|Published online: September 2, 2015||$US5.00|
Many Christians base their motives for ethics solely on heavenly rewards. While this motive often helps them live, it often results in misguided, self-centered morality. In facing that problem this paper makes observations about the book of Job’s presentation of a righteous man whose motives are challenged by God’s skeptical servant, the satan. The reader discovers that better motives for righteousness can be discovered through an examination of the satan’s question, “‘Does Job fear God for nothing?’” (1:9b). This question sends reverberations through the Joban prologue that begin a critique of retributive theology. The examination of the text is followed by a survey of narrativist virtue ethics that seeks to provide the ethical framework of a contemporary Christian reader. This framework is teleological so it has several implications for the place of rules, giving Christians the language to find freedom in their dependence on a community guided by eudaimonia. In discovering this freedom Christians find that they can pursue Job’s disinterested righteousness because virtue is its own reward. In its conclusion, this paper analyzes the reader’s insights and draws on the language provided by the satan to recover tools that help Christians avoid selfish motives.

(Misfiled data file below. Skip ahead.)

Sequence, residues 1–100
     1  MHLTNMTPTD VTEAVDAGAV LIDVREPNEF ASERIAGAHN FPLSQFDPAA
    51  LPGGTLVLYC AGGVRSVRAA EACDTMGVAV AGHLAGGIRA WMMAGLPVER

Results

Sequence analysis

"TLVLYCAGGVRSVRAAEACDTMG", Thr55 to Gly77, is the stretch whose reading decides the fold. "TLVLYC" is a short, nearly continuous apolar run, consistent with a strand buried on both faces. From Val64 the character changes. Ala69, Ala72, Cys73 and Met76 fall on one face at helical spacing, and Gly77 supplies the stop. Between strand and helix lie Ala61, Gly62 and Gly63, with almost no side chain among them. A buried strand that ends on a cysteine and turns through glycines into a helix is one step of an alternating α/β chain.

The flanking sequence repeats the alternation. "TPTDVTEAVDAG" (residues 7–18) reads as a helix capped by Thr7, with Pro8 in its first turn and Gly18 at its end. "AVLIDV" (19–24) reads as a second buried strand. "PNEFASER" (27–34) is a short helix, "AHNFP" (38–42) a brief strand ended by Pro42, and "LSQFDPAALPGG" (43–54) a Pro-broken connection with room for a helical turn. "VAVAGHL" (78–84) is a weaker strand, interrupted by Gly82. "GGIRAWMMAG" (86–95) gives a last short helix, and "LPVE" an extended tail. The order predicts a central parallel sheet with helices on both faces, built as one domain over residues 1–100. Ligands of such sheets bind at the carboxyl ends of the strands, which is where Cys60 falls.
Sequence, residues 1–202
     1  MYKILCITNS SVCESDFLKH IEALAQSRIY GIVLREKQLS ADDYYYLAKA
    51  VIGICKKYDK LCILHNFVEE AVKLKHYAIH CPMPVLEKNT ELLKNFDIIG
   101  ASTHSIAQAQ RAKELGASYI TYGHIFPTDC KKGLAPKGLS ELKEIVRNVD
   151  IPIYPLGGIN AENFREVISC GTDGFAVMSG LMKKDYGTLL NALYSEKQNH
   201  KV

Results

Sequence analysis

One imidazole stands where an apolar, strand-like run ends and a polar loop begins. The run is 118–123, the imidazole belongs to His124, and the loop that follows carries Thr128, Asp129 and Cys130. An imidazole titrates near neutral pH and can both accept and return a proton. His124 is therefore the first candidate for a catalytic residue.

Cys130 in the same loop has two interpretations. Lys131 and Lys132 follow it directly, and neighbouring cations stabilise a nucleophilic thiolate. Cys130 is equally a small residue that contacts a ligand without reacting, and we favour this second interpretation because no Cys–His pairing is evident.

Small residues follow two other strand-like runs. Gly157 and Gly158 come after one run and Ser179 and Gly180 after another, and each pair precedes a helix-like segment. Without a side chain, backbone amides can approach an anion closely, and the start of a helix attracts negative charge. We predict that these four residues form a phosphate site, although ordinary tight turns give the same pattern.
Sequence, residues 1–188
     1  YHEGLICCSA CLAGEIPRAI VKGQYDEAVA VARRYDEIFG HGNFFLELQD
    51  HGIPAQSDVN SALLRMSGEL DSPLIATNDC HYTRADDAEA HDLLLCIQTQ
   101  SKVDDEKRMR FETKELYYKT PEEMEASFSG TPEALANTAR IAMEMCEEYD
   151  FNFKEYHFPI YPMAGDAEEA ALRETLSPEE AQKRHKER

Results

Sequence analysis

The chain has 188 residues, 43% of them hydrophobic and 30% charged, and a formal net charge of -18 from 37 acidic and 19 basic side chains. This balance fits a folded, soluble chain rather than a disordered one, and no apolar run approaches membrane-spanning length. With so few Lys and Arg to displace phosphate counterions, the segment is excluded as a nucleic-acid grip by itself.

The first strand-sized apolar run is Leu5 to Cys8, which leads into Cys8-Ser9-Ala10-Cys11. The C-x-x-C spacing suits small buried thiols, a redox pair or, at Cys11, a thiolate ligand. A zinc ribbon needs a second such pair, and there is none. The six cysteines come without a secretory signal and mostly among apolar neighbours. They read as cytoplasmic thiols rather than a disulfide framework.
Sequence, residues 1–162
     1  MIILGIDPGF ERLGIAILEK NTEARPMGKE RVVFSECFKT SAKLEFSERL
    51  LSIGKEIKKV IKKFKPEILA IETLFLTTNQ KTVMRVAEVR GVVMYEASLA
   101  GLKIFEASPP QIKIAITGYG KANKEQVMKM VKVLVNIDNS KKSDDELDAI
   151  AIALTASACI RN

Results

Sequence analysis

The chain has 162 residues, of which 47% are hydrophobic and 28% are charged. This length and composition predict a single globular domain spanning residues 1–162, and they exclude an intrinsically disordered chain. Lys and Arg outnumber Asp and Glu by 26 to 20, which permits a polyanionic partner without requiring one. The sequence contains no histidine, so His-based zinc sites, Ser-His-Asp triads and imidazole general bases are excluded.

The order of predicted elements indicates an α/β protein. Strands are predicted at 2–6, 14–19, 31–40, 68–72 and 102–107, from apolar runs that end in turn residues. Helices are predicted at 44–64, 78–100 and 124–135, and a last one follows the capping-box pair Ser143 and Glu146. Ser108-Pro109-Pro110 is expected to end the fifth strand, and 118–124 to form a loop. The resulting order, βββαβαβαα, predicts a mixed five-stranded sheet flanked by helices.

|Keywords:||Disinterested, Satan, Virtue|
The International Journal of Religion and Spirituality in Society, Volume 6, Issue 1, March 2016, pp.1-11. Article: Print (Spiral Bound). Published online: September 2, 2015 (Article: Electronic (PDF File; 446.430KB)).
Pepperdine University, Malibu, California, USA